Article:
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Report - Prince's Landing Stage - Liverpool - May 2010 -

Discussion in 'Industrial Sites' started by georgie, May 22, 2010.

  1. georgie

    georgie He Never Even Got There
    Regular User

    May 2, 2009
    Likes Received:
    The Liverpool Landing Stages were constructed around 1850. The northern section was known as the Princes Landing Stage. Immediately behind the Princes stage stood the Riverside Station which opened in 1895. For the transatlantic travellers it meant that they only had a short walk to or from the liners berthed at the Princes Landing Stage.

    Princes Dock History

    Active Period - 1810 to 1981

    Building begins on the Princes Dock site. The project runs late because of:

    * the Napoleonic War (money and staff shortages)
    * mismanagement
    * fiddling


    Princes Dock opens. It is the first dock to be surrounded by walls to prevent theft. It has been built to take sailing vessels running to North America


    Already Princes Dock is losing the North American trade after only twenty years. It moves into the high value, low bulk East Asia and South American trades, e.g. coffee and spices.


    Georges and Princes landing stages are joined together and extended. The whole structure becomes known as Princes Stage. At the time it is the longest floating structure in the world. Princes Landing Stage inhabits the northern end of the stage (the Pier Head is at the south end). It is visited by Cunard, White Star and Canadian Pacific Lines.

    Most of the great passenger liners spend some time in the North Docks before collecting passengers at the stage. There they load and unload cargo as the liners are not profitable running only passengers.


    Riverside railway station opens. It brings passengers from the main railway line right to Princes Landing Stage.

    Following the dredging of the Pier Head area in the 1890s, and some extension and strengthening work, passengers no longer have to board ships anchored in the river via boats. Instead they can simply walk up a gangplank.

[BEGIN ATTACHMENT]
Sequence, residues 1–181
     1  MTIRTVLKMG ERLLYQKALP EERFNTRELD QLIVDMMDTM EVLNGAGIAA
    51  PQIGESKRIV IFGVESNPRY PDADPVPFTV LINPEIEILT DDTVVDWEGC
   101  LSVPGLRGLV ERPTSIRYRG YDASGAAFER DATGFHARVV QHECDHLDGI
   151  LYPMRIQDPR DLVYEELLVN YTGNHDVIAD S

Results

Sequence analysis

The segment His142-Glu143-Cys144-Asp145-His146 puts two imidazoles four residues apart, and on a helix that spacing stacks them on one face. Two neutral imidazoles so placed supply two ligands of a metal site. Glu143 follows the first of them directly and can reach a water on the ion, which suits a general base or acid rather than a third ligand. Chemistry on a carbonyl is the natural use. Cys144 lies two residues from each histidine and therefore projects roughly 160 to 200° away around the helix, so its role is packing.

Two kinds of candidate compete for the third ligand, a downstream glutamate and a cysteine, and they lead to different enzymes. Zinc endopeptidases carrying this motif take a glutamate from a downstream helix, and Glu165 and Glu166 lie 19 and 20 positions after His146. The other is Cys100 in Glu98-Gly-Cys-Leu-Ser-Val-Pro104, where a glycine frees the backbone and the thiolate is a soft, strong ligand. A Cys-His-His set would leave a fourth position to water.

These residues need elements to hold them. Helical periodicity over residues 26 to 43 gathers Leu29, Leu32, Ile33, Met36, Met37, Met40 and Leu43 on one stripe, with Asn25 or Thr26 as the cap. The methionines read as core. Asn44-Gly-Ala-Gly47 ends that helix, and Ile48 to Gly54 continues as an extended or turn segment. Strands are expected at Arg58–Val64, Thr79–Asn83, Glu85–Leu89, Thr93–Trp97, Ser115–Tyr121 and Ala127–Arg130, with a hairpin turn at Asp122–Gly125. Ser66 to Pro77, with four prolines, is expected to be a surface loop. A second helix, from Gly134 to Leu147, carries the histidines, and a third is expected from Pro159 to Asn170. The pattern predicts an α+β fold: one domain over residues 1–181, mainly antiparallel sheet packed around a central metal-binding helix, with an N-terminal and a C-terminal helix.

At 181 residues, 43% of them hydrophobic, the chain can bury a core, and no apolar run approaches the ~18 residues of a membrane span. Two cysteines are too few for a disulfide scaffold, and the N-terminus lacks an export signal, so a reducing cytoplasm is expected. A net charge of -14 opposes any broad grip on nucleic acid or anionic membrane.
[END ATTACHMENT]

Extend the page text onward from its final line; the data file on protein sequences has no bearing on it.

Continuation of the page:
Much of the South American and East Asian traffic has left Princes Dock and moved across the river. Transatlantic passenger traffic is based on the landing stage in the river. Princes Dock is the centre of the Irish trade


    The number of passengers and boats falls and much of the huge length of the Princes Stage is not needed.


    As trade with Ireland moves into containers, Princes Dock becomes a passenger terminal for Belfast. A ro-ro terminal is built at the south end of the dock.

    The Princes landing stage is very rusty. It is replaced by a smaller stage, serving only the Mersey Ferries and the Isle of Man boats. It sinks on its opening weekend (an inspection port had been left open) but is successfully raised and there are no further problems.


    The passenger service from Princes Dock ends. This is due to the fall in passenger services and a new terminal at Victoria Dock. Princes Dock closes and is partly filled.

    not a bad mooch to be honest and after a disappointing day of trying potential sites and all the usual bollocks of "no m8 its due to health and safety thats why" this made up for it...i think anyway